Walkthrough: Updating the Controls on a Ribbon at Run Time

This walkthrough demonstrates how to use the Ribbon object model to update the controls on a Ribbon after the Ribbon is loaded into the Office application.

Applies to: The information in this topic applies to document-level projects and application-level projects for the following applications: Excel 2013 and Excel 2010; InfoPath 2013 and InfoPath 2010; Outlook 2013 and Outlook 2010; PowerPoint 2013 and PowerPoint 2010; Project 2013 and Project 2010; Visio 2013 and Visio 2010; Word 2013 and Word 2010. For more information, see Features Available by Office Application and Project Type.

The example pulls data from the Northwind sample database to populate a combo box and menu in Microsoft Office Outlook. Items that you select in these controls automatically populate fields such as To and Subject in an e-mail message.

This walkthrough illustrates the following tasks:

  • Creating a new Outlook add-in project.

  • Designing a custom Ribbon group.

  • Adding the custom group to a built-in tab.

  • Updating controls on the Ribbon at run time.

Note Note

Your computer might show different names or locations for some of the Visual Studio user interface elements in the following instructions. The Visual Studio edition that you have and the settings that you use determine these elements. For more information, see Customizing Development Settings.

You need the following components to complete this walkthrough:

First, create an Outlook add-in project.

To create a new Outlook add-in project

  1. In Visual Studio, create an Outlook 2010 or Outlook 2013 add-in project with the name Ribbon_Update_At_Runtime.

  2. In the New Project dialog box, select Create directory for solution.

  3. Save the project to the default project directory.

    For more information, see How to: Create Office Projects in Visual Studio.

The Ribbon for this example will appear when a user composes a new mail message. To create a custom group for the Ribbon, first add a Ribbon item to your project, and then design the group in the Ribbon Designer. This custom group will help you generate follow-up e-mail messages to customers by pulling names and order histories from a database.

To design a custom group

  1. On the Project menu, click Add New Item.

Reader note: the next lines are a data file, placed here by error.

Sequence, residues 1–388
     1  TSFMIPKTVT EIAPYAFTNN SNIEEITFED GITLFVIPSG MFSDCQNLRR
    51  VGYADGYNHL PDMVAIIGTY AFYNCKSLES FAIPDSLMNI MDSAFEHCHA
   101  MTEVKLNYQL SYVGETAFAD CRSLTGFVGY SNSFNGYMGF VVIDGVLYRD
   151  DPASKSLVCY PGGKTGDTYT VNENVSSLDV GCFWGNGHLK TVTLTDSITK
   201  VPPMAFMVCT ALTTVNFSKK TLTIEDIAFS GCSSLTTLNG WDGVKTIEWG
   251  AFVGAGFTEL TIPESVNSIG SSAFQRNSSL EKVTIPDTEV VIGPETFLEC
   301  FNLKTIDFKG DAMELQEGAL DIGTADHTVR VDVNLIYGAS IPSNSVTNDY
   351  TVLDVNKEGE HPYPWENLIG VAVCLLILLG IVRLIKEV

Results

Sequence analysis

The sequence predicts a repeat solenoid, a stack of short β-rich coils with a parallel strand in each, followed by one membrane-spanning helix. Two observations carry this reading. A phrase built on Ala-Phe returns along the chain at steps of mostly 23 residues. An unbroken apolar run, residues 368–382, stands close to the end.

2. In the Add New Item dialog box, select Ribbon (Visual Designer).

  3. Change the name of the new Ribbon to CustomerRibbon, and then click Add.

    The CustomerRibbon.cs or CustomerRibbon.vb file opens in the Ribbon Designer and displays a default tab and group.

  4. Click the Ribbon Designer to select it.

  5. In the Properties window, click the drop-down arrow next to the RibbonType property, and then click Microsoft.Outlook.Mail.Compose.

    This enables the Ribbon to appear when the user composes a new mail message in Outlook.

  6. In the Ribbon Designer, click Group1 to select it.

  7. In the Properties window, set Label to Customer Purchases.

  8. From the Office Ribbon Controls tab of the Toolbox, drag a ComboBox onto the Customer Purchases group.

  9. Click ComboBox1 to select it.

  10. In the Properties window, set Label to Customers.

  11. From the Office Ribbon Controls tab of the Toolbox, drag a Menu onto the Customer Purchases group.

  12. In the Properties window, set Label to Product Purchased.

  13. Set Dynamic to true.

    This enables you to add and remove controls on the menu at run time after the Ribbon is loaded into the Office application.

A built-in tab is a tab that is already on the Ribbon of an Outlook Explorer or Inspector. In this procedure, you will add the custom group to a built-in tab, and then specify the position of the custom group on the tab.

To add the custom group to a built-in tab

  1. Click the TabAddins (Built-In) tab to select it.

  2. In the Properties window, expand the ControlId property, and then set OfficeId to TabNewMailMessage.

    This adds the Customer Purchases group to the Messages tab of the Ribbon that appears in a new mail message.

  3. Click the Customer Purchases group to select it.

  4. In the Properties window, expand the Position property, click the drop-down arrow next to the PositionType property, and then click BeforeOfficeId.

  5. Set the OfficeId property to GroupClipboard.

    This positions the Customer Purchases group before the Clipboard group of the Messages tab.

Use the Data Sources window to add a typed dataset to your project.

To create the data source

  1. On the Data menu, click Add New Data Source.

    This starts the Data Source Configuration Wizard.

  2. Select Database, and then click Next.

  3. Select Dataset, and then click Next.

  4. Select a data connection to the Northwind sample Microsoft SQL Server Compact 4.0 database, or add a new connection by using the New Connection button.

  5. After a connection has been selected or created, click Next.

  6. Click Next to save the connection string.

  7. On the Choose Your Database Objects page, expand Tables.

  8. Select the check box next to each of the following tables:

    1. Customers

    2. Order Details

    3. Orders

    4. Products

  9. Click Finish.

Use the Ribbon object model to perform the following tasks:

  • Add customer names to the Customers combo box.